lady Your level of protection may depend on the type of gardening you do, and the length of time you spend in the garden. Tina Marie, a full-time gardener in Arkansas, takes the more cautious approach: she applies Antiseptic Insect Repellent Oil to her entire body before dressing; wears white, long-sleeved blouses; wears trousers, gloves and boots; tucks pant legs into the tops of her boots and secures them with elastic straps that fasten with Velcro (available in sporting-goods stores); waterproofs boots with Insect Repellent Neat’s-foot Oil; dusts feet and inside of boots with Gardener’s Foot Powder; and drapes white cotton tea towels sprayed with insect repellent across the back of her neck to absorb perspiration and reflect the sun’s rays.

Susan, on the other hand, is more comfortable wearing minimal clothing and going barefoot in the garden. If you are more inclined to this relaxed approach, make sure to take plenty of showers, use protective lotions and salves, and wear a hat. When possible, work in the morning or evening rather than the heat of the day, and use Jewelweed Vinegar with Insect-Repellent Herbs to keep biting flies and mosquitoes away.

Stop Chiggers, Mosquitoes and Ticks

It is hard to imagine anything itchier than a chigger bite. Also known as red bugs, these soft-bodied mites pester gardeners in the temperate, humid areas of the United States. As we work in the garden, chiggers climb onto our bodies, find a nice tender place and take a nip. Rather than burrowing in and taking up residence under the skin, as some believe, chigger larvae feed by injecting an enzyme into the skin. The enzyme simultaneously breaks down the skin cells and creates intense itching at the site of the bite. To kill them before they bite you, frequently brush up and down to rub the soft-bodied mites off your skin and clothing when you’re working in the garden.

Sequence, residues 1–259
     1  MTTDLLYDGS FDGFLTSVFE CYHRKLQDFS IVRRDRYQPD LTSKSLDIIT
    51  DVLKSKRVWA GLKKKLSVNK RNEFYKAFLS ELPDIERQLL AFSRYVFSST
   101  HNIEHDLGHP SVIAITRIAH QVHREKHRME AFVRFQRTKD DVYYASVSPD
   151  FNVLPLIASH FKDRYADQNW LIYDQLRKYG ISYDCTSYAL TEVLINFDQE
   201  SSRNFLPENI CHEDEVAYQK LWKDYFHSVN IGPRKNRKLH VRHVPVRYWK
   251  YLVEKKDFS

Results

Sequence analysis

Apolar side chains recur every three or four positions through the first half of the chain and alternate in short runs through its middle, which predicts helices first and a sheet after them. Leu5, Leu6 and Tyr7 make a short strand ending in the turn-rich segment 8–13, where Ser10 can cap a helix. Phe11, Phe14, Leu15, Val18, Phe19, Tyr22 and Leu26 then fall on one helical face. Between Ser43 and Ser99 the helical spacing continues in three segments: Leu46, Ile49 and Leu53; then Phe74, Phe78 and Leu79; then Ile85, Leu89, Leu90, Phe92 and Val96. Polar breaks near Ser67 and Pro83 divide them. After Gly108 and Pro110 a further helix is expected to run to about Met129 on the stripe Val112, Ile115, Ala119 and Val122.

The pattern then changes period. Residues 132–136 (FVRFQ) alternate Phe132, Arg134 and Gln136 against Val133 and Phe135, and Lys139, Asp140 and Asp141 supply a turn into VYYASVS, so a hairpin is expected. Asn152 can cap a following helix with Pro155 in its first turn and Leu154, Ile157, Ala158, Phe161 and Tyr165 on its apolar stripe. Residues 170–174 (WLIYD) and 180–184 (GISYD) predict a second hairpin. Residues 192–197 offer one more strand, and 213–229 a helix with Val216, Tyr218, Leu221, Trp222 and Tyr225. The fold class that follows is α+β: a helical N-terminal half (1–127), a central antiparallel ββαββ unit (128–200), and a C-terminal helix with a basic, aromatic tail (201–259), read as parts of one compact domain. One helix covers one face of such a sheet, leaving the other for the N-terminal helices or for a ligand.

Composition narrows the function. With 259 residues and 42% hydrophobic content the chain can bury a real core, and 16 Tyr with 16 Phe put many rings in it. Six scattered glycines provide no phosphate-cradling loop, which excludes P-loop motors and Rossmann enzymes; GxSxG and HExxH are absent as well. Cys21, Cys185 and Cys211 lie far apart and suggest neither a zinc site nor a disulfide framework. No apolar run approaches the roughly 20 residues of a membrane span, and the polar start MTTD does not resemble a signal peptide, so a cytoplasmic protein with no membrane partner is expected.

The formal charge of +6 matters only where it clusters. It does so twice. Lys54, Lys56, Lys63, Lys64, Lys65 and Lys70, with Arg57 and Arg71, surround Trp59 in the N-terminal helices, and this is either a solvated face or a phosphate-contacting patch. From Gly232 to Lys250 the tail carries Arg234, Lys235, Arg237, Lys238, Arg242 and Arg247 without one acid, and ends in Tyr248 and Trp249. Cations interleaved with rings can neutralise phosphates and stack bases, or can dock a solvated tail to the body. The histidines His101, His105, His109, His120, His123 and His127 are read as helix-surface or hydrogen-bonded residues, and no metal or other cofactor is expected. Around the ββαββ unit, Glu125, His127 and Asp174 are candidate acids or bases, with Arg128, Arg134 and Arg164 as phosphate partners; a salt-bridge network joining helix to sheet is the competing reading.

Mosquitoes and ticks can carry seriously debilitating diseases, such as West Nile virus and Lyme disease. Mosquitoes are most active at dawn and dusk; ticks tend to be most active in the heat of the day in locations where animals, such as deer, cattle and even lizards, roam. Adjust the timing and location of your gardening activities to limit exposure. When you come in from the outdoors, use a doubled-over piece of wide masking tape and run it up and down your legs and arms to trap any ticks that might be on you. Be familiar with the symptoms associated with tick- and mosquito-borne diseases: Rashes (sometimes, but not always, a “bull’s-eye” rash with a clear center); swelling; fever; chills; sweats; joint pain; fatigue; or sore throat. When you get bites, treat them aggressively and seek prompt medical attention if any of these disease symptoms occur.